12. ^ "History of Ewing". Township of Ewing. Retrieved February 26, 2015. World War II During World War II, factories in the area devoted themselves wholeheartedly to the war effort. General Motors became Eastern Aircraft, and made a critical contribution to the war effort through the production of the Navy Avenger Torpedo Bomber. Assemblies from other plants on the East Coast were transported via the Reading Railroad to the Ewing plant, where they joined Ewing-fabricated sections in final assembly. Bombers off the line were sent to the Skillman (now Trenton-Mercer) airport, where they were tested before delivery to the Navy. 
  13. ^ Former Naval Air Warfare Center Trenton, United States Navy. Accessed October 28, 2014. "The former Naval Air Warfare Center (NAWC) Trenton is located in Ewing Township, New Jersey. The property is bordered to the north and west by Mercer County Airport, to the sorth by Parkway Avenue, and to the east by a railroad line. The property consists of approximately 528 acres of improved and unimproved land. The NAWC was operated by the U.S. Navy from 1951 until 1997 as a jet engine test facility."
  14. ^ "Avis.com Location information page Trenton–Mercer Airport,". Retrieved May 30, 2014. 
  15. ^ "AVIS/Budget Rental Car Shuttle at TTN". Retrieved May 30, 2014.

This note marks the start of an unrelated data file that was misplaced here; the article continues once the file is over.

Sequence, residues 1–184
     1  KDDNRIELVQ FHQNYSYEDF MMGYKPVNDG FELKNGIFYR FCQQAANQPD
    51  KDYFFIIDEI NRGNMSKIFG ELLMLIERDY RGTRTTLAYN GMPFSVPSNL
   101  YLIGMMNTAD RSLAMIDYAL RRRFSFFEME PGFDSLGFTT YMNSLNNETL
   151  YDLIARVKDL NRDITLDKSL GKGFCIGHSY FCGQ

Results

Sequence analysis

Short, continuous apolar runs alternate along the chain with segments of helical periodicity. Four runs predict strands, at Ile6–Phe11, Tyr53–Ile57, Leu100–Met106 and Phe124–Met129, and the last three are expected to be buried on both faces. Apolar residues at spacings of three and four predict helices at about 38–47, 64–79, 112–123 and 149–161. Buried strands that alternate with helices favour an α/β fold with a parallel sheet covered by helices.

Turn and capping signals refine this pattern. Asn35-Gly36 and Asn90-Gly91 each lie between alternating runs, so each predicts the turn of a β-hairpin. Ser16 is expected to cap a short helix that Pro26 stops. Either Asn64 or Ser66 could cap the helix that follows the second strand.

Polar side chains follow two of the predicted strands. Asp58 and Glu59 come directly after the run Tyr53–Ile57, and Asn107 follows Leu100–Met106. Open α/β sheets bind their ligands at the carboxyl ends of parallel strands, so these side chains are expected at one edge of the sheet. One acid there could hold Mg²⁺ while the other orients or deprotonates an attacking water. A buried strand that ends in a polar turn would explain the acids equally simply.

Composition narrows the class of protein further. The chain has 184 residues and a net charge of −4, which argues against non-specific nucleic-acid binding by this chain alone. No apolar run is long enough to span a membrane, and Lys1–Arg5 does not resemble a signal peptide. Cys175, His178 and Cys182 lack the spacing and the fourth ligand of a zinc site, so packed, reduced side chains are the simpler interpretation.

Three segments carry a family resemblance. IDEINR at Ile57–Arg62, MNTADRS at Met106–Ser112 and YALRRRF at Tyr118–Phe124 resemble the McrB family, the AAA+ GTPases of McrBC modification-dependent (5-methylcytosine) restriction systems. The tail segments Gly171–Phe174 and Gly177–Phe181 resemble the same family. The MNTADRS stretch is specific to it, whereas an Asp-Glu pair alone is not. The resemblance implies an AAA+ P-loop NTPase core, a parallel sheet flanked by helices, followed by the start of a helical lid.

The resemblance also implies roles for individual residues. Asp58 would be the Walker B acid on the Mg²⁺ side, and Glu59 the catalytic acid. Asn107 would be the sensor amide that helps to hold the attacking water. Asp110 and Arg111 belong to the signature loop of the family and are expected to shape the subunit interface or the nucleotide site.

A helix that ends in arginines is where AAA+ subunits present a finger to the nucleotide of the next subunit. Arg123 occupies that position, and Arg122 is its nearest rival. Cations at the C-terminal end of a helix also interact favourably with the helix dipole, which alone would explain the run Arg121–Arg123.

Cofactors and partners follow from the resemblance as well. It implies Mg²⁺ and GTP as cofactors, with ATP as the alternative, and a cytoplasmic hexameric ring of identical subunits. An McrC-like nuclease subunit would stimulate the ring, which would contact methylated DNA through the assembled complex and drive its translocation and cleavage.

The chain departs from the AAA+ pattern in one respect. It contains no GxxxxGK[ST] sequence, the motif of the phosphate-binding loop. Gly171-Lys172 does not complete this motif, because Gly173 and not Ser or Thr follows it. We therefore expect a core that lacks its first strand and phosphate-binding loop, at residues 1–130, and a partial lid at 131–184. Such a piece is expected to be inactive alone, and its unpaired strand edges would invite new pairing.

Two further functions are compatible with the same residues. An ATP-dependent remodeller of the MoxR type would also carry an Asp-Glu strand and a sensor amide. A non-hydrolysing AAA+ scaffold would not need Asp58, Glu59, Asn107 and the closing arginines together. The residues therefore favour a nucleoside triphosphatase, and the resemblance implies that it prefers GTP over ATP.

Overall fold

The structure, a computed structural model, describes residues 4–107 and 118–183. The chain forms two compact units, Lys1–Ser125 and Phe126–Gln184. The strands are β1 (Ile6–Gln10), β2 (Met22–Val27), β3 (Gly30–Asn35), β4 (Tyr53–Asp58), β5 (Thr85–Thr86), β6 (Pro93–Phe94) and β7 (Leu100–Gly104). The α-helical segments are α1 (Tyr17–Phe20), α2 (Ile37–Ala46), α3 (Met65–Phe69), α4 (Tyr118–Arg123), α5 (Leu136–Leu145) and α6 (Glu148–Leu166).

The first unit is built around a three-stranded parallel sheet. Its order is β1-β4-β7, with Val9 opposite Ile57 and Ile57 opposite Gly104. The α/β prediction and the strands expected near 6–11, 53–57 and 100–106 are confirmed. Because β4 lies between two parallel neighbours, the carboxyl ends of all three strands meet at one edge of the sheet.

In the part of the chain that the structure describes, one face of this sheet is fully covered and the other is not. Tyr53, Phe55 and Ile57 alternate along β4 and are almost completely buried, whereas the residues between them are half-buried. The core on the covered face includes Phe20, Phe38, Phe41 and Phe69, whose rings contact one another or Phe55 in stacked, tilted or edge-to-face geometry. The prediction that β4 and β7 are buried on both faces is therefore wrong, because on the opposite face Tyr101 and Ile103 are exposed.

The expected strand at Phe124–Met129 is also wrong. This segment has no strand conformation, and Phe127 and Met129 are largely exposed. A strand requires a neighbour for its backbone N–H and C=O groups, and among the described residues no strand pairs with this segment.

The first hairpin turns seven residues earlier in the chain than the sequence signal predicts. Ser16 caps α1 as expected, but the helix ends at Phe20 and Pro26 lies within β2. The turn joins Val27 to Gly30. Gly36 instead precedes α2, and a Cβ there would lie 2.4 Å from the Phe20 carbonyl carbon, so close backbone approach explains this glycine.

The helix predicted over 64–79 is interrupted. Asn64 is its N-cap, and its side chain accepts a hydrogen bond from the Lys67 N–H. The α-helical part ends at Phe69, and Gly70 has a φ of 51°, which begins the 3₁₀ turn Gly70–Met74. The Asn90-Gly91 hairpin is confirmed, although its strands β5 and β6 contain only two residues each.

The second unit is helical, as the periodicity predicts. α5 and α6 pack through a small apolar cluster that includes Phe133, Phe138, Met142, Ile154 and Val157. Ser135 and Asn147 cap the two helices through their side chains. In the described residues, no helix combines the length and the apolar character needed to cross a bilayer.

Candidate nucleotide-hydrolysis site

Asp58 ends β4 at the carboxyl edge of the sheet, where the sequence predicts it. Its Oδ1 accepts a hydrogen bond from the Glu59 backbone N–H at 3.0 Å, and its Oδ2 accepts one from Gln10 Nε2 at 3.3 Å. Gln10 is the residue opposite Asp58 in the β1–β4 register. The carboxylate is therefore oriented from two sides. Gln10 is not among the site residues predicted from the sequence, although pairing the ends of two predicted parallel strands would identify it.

16. ^ "Trenton–Mercer Airport, Transportation". Retrieved January 14, 2013. 
  17. ^ "Bus schedule" (PDF). NJ Transit. Retrieved May 27, 2013. 
  18. ^ Pizzi, Jenna (March 30, 2013). "Frontier Airlines will suspend flights at Trenton–Mercer Airport this fall for runway work". The Times of Trenton (Trenton, NJ). 
  19. ^ "Infinity Flight Group: Trenton, NJ: Aviation School, Flight Training & Lessons Pennsylvania & New Jersey". Trenton, NJ: Infinity Flight Group. Retrieved June 3, 2015. 
  20. ^ ATP Flight School. "ATP Flight School: Airline Pilot Training & Pilot Career Development". Retrieved June 3, 2015. 
  21. ^ http://twinpine.njwg.cap.gov
  22. ^ "New Jersey Army National Guard". Retrieved June 3, 2015. 
  23. ^ "Trenton–Mercer Airport celebrates opening of renovated terminal". Retrieved November 8, 2013. 
  24. ^ "Taxiway improvements on way for Trenton-Mercer Airport". NJ.com. Retrieved June 3, 2015. 
  25. ^ Pizzi, Jenna (January 25, 2013). "Mercer freeholders review plan to develop area surrounding Trenton–Mercer Airport". The Times of Trenton. Retrieved 2013-01-25. 
  26. ^ "State of the County: Hughes announces plan to move forward with replacement of passenger terminal". NJ.com. Retrieved June 3, 2015. 
  27. ^ "Pa. group sues Mercer freeholders, Frontier Airlines and FAA over Trenton-Mercer airport use". NJ.com. Retrieved June 3, 2015. 
  28. ^ "RITA - BTS - Transtats". Retrieved July 29, 2015. 
  29. ^ Goodnough, Abby (8 October 1995). "Trenton-based Airline to Add Florida Flights". The New York Times. Retrieved 19 November 2013. 
  30. ^ adminmercer. "Mercer County, NJ - Airlines". Retrieved June 3, 2015. 
  31. ^ "Streamline Air ends commuter flights from Trenton-Mercer Airport to Boston area". NJ.com. Retrieved June 3, 2015. 

External links[edit]